Critical Play: Avalon

For my first critical play, I tried out Avalon, a social deduction card game designed by Don Eskridge in 2012. A variant of The Resistance, Avalon centers around a battle between the forces of good and evil set in the fantasy world of King Arthur. Avalon is marketed as a game for players 13 years and older, however I personally believe that the target audience would be around 15 years and older, especially for those interested in fantasy themes (given that Avalon’s main distinction from its predecessor is its fantasy setting).

As a social deception game, Avalon can be played with anywhere from 5 to 10 players, however it seems to be best enjoyed with a group size of around 7 to 8 players. Depending on the number of players, the game can take on differing levels of complexity, utilizing more or fewer special role cards.

Avalon starts with each player receiving a role card which is either fundamentally good (servants of Arthur) or evil (servants of Mordred). A minority of cards grant players special abilities, such as Merlin (knows who is a servant of Mordred) and Percival (knows of two characters who are both either Merlin or Morgana) for the good team, and Mordred (is not revealed to Merlin as evil), Morgana (deceives Percival by also claiming to be Merlin), Oberon (does not reveal themselves to other evil players and other evil players do not reveal themselves to them), and Assassin (chooses who to kill at the end of the game – more on this later) for the evil team. Once learning of their identities, one player leads the group in revealing their identities like so: all evil players reveal themselves to each other (except Oberon), all evil players (except Mordred) are revealed to Merlin, and Merlin and Morgana are revealed (without distinction between roles) to Percival.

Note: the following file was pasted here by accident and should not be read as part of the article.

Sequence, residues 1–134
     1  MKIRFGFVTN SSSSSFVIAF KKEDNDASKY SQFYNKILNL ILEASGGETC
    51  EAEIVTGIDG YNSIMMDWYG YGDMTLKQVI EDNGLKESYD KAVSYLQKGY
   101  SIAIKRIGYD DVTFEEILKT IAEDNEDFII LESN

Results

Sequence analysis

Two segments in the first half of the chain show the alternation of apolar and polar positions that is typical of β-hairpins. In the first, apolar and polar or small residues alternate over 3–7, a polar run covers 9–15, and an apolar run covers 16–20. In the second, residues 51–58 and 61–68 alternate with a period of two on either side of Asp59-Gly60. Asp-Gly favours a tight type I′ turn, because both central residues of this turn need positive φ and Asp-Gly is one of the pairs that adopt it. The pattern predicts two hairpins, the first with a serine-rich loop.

The game itself is structured around a series of quests that players undertake, where each team wants to claim each quest. A total of five potential quests, and as such 5+ potential rounds, exist for which a team must be selected for each (the selector of the team rotates each round). Each round has a specified number of people required, and there are no limits as to who can be picked for a team. Once a team is proposed, all players simultaneously vote on whether the team is allowed on the quest – a majority of positive votes is required for the team to go on the quest. The selected team members then each get to secretly vote on whether the mission succeeds or fails – the good team wants all missions to succeed (and must put down a “succeed” card), whereas the evil team ultimately wants the missions to fail (they can choose to either play a “succeed” or “fail” card). Except for the fourth round (where two “fails” are required if there are 7+ players), if any mission receives at least one “fail” card, then the evil team claims that quest, otherwise it is counted for the good team. Victory for either team is found by claiming three quests, however the evil team has a final ability even after the good team has won three quests. The assassin role, along with the other evil players, can decide to kill one player after three quests have gone to the good team. If the evil team correctly identifies and kills Merlin, the evil team wins despite losing the majority of quests. Because of these social dynamics and varying amounts of information that players have exposure to, the game lends itself well to multiple levels of deception, which is especially apparent when playing with people of varying skill levels.